My grandmother delighted in the woods. From a young age she led my brothers and I in through the underbrush, searching. Nature was a treasure chest waiting to be discovered and she was Indiana Jones leading the adventurers into the cavern full of gold.
These were not well-groomed urban parks with asphalt trails meandering through a grove of trees, edged by grass, keeping walkers out of the mud. She took us into a dense cropping of oaks and maples and elms. All of them shooting up wildly, looking for the light. Large trunks lay where they fell after a significant windstorm, embarrassed by their exposed roots toppled to one side. A thick cover of faded dull leaves lay thick across the forest floor.
I can still see her in her cotton white shirt embroidered at the neckline, mint green Bermuda shorts and practical tan shoes. She would reach down, gather us around, and gently push the undergrowth to the side. With the delicacy of a hand model, she would pull back the cover on an earthy Jack-in-the-Pulpit or an elegant Lady Slipper.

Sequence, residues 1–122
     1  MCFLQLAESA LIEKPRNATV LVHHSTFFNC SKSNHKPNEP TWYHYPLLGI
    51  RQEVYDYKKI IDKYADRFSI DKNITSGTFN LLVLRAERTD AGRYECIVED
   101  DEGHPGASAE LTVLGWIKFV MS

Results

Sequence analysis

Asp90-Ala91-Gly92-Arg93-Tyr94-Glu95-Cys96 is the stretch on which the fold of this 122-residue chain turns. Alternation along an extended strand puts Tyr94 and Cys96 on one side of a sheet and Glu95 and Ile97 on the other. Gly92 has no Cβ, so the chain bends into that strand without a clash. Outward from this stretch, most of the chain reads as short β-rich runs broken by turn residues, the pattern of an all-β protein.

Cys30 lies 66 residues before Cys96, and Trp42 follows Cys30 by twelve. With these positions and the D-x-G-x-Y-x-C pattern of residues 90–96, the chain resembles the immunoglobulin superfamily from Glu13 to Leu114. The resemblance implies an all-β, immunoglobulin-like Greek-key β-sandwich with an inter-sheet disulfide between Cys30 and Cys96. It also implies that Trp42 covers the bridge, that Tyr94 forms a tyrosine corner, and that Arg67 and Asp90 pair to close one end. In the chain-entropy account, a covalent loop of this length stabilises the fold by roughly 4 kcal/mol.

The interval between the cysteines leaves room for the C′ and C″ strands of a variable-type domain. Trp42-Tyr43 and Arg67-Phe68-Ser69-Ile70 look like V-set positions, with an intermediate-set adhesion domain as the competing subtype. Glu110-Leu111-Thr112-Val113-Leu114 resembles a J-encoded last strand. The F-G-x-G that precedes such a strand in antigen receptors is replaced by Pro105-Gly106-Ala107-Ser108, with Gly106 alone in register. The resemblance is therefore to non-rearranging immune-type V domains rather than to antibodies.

She delighted in her success at finding us these special flora amongst all the mundane. For the rest of the outing we’d hear on repeat, “Weren’t we so lucky to find the red trillium, weren’t we? ” White trillium carpets the woods in the early spring before the leaves emerge, but we found ourselves nodding in agreement at the fortitude at coming across the red variety. How could you not get caught up in her enthusiasm?
As we got older my brothers lost interest in her guided tours or took up spending hours on my grandfather’s aluminum fishing boat. But I continued to tag along. She’d hear from someone in town where blueberry bushes had been spotted in some wayside ditch on a remote up-north road. With couple of empty plastic ice cream buckets in the back of her red VW bug, off we’d go to find what the woods had to offer us.
“Look,” she would say. Look at the bloom, the owl, the stream, the berries, the poison Ivy! Look. If I have any skills in observing nature, it is thanks to my Oma.